Sports Dehydration: Prevention and Treatment

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Sports Dehydration: Prevention and Treatment

Most of us are well aware that water is essential to life, and that hydration is an important aspect of good health and nutrition. Both athletes and non-athletes also tend to recognize a connection between intense activity and water loss, and we’ve almost all experienced the thirst and dehydration response that takes place when we engage in intense exercise in the heat of the summer.

But sports dehydration isn’t just about feeling thirsty. In fact, some of the most serious consequences of sports dehydration happen with no specific parallel to the thirst reflex. Humans have a very weak thirst response, which means our actual desire to drink water doesn’t always directly reflect our need for hydration. Sometimes when the body is most desperately in need of fluids, we don’t actually feel thirsty at all. So when it comes to maximizing sports performance and preventing the health problems associated with sports dehydration, we can’t count on our thirst reflex to protect us.

And even when we feel thirsty, we don’t always instinctively reach for the fluids that bring the greatest benefit. Athletes often wonder if pure water is really enough to support performance, or if sports drinks really provide the magical benefits stated on their labels. The answers usually depend on several factors, including any existing signs of sports dehydration, and the length and intensity of a given period of exercise.

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Mild Sports Dehydration: Health Effects

When mild sports dehydration sets in, the signs and symptoms may include:

1. A dry or sticky mouth

2. Dark and decreased urine

3. Tiredness and fatigue

4. Moodiness or irritability

5. Headache, dizziness or lightheadedness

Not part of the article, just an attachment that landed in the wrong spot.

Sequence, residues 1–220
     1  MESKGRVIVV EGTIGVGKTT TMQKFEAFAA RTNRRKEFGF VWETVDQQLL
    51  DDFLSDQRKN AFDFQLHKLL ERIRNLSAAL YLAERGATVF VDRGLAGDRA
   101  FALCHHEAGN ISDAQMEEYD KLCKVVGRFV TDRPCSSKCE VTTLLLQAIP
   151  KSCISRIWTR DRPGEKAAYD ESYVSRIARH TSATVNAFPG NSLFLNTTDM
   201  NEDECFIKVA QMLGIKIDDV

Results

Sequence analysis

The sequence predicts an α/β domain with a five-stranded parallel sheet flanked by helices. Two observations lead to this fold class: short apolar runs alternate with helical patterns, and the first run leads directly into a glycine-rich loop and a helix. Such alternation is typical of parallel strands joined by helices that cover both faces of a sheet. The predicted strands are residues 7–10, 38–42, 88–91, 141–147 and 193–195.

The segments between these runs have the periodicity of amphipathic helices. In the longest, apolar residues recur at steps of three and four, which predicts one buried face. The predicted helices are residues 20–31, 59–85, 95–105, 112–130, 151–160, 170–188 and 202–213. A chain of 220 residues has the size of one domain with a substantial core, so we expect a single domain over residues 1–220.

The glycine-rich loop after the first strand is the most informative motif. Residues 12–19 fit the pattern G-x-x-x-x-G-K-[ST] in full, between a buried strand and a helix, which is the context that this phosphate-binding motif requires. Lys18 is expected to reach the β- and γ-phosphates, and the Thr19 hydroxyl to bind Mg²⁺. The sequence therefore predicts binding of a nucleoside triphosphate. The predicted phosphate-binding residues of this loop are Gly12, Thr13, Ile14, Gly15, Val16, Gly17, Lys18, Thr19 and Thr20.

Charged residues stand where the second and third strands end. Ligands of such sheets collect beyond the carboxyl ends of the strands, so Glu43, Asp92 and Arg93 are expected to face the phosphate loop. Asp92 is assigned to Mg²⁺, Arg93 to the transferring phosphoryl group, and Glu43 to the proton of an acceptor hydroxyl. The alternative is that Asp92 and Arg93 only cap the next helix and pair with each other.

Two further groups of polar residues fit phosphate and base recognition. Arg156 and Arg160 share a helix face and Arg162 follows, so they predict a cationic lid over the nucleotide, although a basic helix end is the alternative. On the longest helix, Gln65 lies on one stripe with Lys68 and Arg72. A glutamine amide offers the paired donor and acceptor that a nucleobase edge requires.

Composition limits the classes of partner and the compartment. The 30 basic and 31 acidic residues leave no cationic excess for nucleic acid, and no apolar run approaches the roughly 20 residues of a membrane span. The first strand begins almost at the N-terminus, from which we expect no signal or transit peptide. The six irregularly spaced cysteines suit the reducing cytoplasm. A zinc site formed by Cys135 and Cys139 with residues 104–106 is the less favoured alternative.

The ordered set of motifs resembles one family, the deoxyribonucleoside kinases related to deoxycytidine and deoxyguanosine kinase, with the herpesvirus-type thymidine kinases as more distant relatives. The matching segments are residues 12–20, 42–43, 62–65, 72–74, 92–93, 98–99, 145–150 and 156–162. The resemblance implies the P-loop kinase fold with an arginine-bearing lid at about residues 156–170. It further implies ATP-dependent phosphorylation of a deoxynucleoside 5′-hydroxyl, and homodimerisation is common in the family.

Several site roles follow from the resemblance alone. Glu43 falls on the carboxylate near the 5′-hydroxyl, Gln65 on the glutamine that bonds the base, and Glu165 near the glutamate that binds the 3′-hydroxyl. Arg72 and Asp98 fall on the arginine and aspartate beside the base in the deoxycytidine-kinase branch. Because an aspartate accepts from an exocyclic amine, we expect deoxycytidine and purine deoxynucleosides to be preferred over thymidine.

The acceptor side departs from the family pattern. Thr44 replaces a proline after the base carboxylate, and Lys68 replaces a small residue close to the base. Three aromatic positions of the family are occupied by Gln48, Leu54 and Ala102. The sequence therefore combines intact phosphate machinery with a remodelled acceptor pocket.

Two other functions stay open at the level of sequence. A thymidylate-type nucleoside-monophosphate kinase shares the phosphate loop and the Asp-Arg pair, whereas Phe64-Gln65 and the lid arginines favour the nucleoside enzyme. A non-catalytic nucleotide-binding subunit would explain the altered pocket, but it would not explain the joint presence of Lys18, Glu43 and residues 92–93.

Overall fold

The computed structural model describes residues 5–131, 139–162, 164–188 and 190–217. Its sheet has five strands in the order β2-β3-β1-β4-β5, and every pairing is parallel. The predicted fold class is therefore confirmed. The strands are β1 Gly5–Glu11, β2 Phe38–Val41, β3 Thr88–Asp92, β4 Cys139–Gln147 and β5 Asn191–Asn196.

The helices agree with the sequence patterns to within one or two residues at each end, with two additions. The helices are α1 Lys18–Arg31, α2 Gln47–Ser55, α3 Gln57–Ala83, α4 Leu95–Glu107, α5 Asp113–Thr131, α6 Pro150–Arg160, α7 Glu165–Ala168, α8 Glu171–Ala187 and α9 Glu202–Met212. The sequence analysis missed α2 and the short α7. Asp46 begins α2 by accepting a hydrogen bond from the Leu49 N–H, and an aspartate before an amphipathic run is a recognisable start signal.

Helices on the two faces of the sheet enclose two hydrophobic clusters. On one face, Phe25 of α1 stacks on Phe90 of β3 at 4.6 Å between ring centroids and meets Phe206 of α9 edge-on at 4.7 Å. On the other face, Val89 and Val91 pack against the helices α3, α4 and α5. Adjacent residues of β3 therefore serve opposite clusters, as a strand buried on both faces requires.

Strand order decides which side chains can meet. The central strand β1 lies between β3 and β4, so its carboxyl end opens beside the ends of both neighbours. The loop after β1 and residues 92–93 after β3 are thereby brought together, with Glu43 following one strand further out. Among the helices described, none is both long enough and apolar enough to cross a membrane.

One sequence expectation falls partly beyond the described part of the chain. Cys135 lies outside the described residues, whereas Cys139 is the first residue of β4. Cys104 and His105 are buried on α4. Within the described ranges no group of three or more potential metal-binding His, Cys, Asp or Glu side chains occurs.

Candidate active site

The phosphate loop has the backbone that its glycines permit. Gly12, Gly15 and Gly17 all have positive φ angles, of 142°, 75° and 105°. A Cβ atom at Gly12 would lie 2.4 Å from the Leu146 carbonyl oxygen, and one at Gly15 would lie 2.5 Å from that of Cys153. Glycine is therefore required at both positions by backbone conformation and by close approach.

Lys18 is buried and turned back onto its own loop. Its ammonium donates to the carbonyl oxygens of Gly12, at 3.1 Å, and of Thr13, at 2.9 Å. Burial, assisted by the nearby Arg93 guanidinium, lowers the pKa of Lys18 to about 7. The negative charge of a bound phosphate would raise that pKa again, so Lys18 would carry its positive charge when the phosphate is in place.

Serious Sports Dehydration

More serious cases of sports dehydration may require immediate attention, including medical help. Signs of severe dehydration can include:

1. Intense thirst

2. A lack of sweating, or sweating that slows down or stops altogether

3. Dry skin that can be pinched or tented into a fold that doesn’t bounce back

4. Dark colored, infrequent urination

5. An elevated or shallow heartbeat

6. Rapid breathing

7. Sunken eyes

8. Joint pain

9. Fever

10. In the most severe cases, a dehydrated person can lose consciousness.

For the most part, the best indicator of dehydration is NOT thirst. More accurate signs include urine frequency and color, mood, and heart rate.

Sports Dehydration: Prevention

To protect health and optimize athletic performance, it’s best to catch the signs of sports dehydration early. Both athletes and non-athletes should always drink at least eight six-ounce glasses of water per day, whether they’re exercising or not. And this water intake should not be dependent on thirst—It should just be a regular part of a healthy daily routine. Juice, milk and other healthy drinks can be substituted for water, but it’s wise to keep in mind that these drinks can contain a surprising number of calories, and the calories in juice come mostly from fructose, a simple sugar devoid of nutrients. At the end of the day, water is the best choice for daily hydration; it’s calorie-free, chemical-free, free of sugar and carbohydrates, and it provides everything the body needs to maintain blood circulation and hydrate the skin, brain, joints and organ systems.